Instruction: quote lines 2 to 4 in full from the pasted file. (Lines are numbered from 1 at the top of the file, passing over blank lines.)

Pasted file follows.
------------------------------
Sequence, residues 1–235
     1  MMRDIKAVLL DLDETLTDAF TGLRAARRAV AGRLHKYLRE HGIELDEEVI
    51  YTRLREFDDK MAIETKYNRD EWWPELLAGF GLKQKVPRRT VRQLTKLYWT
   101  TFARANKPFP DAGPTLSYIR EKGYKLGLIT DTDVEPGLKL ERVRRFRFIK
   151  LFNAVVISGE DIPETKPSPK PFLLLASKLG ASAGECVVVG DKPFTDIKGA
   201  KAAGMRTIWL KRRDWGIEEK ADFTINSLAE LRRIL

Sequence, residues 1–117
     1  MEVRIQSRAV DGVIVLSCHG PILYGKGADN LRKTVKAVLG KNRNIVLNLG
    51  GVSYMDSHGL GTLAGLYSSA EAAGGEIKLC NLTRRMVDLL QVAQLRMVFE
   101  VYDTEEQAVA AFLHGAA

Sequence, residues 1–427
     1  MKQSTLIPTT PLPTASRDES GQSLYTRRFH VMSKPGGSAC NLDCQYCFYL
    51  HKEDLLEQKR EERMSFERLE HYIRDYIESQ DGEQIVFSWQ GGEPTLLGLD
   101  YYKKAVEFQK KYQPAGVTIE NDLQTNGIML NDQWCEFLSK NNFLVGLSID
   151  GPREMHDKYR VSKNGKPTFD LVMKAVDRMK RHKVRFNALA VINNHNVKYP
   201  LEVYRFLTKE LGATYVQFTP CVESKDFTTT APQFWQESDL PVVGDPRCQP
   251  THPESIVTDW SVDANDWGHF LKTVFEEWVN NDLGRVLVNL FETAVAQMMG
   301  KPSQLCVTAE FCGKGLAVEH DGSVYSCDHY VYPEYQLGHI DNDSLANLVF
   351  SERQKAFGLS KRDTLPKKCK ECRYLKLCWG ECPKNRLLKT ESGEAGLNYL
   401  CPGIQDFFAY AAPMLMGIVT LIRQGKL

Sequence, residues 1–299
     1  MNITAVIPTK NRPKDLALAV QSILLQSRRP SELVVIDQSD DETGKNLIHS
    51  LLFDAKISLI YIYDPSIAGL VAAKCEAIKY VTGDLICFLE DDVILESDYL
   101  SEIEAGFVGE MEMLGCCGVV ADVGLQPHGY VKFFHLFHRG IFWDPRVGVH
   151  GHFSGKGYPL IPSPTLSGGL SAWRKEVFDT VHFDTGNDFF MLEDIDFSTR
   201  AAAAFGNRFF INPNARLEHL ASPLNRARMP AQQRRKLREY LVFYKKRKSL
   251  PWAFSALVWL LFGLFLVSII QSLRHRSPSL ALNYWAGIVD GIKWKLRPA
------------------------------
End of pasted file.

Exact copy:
     1  MMRDIKAVLL DLDETLTDAF TGLRAARRAV AGRLHKYLRE HGIELDEEVI
    51  YTRLREFDDK MAIETKYNRD EWWPELLAGF GLKQKVPRRT VRQLTKLYWT
   101  TFARANKPFP DAGPTLSYIR EKGYKLGLIT DTDVEPGLKL ERVRRFRFIK